Could hydrotherapy improve your dog’s mobility, muscle strength or weight loss?
Our hydrotherapy treadmill and swim jets can be used to:
Optimise recovery following surgery
Improve and restore function following injuries
Improve quality of life for our geriatric and arthritic patients
Assist with weight loss for podgy pooches
Improve muscle strength, flexibility and range of joint movement
Raise cardiovascular fitness and endurance
Provide a gentle and supportive treatment which is covered by most insurance policies
Assessments include consolidation of history, clinical signs, working diagnosis, expectations for individual patient, mobility assessment, muscle mass scoring, heart checks, body condition scoring and review of concurrent land based exercise routine. Reports to referring vets where indicated.
All patients are assessed within 3 weeks of commencing hydrotherapy and after every 10 sessions.
Hydrotherapy single session (45 minutes): £55
Hydrotherapy – block of 10 sessions: £495
Orthopaedic referral consultation: £150
Orthopaedic referral subsequent: £75
Frequently asked questions about hydrotherapy
Below are a series of questions which address the most common enquiries about hydrotherapy.
The benefits of hydrotherapy depend very much on how the hydrotherapy treatment is carried out. For some dogs simply floating or swimming gently in water can relieve pain and inflammation. For others more vigorous exercise is used to increase the use of limbs, increase muscle bulk and tone, and strengthen support for joints. Especially after surgery or injury this can allow earlier return to normal use.
Water can also be used as a means of supporting dogs in a non weight bearing or partially weight bearing environment to allow movements that would not be possible on land, perhaps because of weakness or injury. This is particularly useful for dogs that have spinal problems.
Hydrotherapy can also increase cardiovascular fitness and help with weight loss.
The hydrotherapy pool allows the animal to exercise in a non weight bearing environment which relieves pressure on joints, reducing pain and encouraging movement. In the underwater treadmill the water height can be adjusted to precisely control the amount of weight bearing allowing increases as the animal strengthens or recovers.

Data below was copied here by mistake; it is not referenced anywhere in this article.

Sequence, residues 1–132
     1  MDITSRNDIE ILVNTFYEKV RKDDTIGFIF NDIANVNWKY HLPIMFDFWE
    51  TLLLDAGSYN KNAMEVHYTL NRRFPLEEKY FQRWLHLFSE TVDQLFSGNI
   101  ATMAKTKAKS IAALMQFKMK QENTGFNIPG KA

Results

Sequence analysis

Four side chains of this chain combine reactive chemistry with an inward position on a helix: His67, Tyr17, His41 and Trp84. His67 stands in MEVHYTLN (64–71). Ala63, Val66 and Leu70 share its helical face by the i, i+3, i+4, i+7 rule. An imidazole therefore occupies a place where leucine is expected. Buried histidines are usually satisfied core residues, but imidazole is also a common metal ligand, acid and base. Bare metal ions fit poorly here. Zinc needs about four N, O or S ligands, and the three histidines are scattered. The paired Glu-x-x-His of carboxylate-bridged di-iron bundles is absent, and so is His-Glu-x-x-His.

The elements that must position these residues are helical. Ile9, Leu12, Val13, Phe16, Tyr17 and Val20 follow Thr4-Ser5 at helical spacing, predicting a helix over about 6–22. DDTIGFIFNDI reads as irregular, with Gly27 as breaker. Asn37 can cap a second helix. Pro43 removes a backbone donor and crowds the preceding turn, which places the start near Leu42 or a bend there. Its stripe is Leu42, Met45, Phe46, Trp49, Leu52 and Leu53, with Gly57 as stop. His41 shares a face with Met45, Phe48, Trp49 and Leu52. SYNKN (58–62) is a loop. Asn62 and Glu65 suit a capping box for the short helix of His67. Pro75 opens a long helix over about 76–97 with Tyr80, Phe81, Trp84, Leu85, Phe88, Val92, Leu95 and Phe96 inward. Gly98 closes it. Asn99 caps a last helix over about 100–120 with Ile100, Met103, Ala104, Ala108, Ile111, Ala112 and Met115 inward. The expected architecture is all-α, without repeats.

It is difficult to move quickly within water (because of the viscosity or ‘stickiness’ of water) so the water has a cushioning or protective quality reducing the risk of injury. This same quality means that the dog has to work hard to move forward when swimming and in turn this helps to increase muscle strength and bulk. This is a very useful property for young dogs that are on restricted exercise, as they can exercise hard in the water with little risk and use up some of their excess energy.
Within water animals are also subject to hydrostatic pressure and this has the effect of a gentle pressure bandage on limbs. This can help to reduce swelling and then pain especially in the lower limbs – very useful for dogs with elbow, stifle, carpal and tarsal injuries or arthritis.
This depends on the reason for hydrotherapy.
As a guide post cruciate surgery recovery would normally be 8 to 12 weeks.
A young dog with hip dysplasia may need to swim for 6 months to 1 year until skeletally mature. An elderly dog with chronic arthritis may need hydrotherapy twice a week for 8 weeks, to gain a good improvement, and may then benefit from weekly or bi-weekly hydrotherapy for the rest of its life.
It depends on the terms of your insurance policy and how the insurance company defines hydrotherapy. Call your insurer and ask for clarification of your particular policy.
This really depends on your vet’s instructions. Usually hydrotherapy can start a few days after stitches or staples have been removed.
After some surgeries, fractures and spinal problems it may be 4-8 weeks before hydrotherapy can commence.
Some breeds such as Labradors, Retrievers, Spaniels and Newfoundlands are bred to be natural swimmers but even so some can be nervous or can take time to get used to the idea of swimming in a pool. It is important that the first introduction to swimming is a positive experience.
There are some dogs that have no idea how to swim and these dogs may require close supervision in the water.
Dogs that are very muscular, such as Staffordshire Bull Terriers, tend not to float as well as other breeds and have to work much harder to stay on top of the water however, once they learn to swim they tend to love the experience.
Bracycephalic breeds (those with shortened muzzles such as Boxers, Pugs, Old English Bulldogs and some Cavalier Spaniels) can struggle to get enough breath when working hard. These breeds need particular care when they swim or attend hydrotherapy.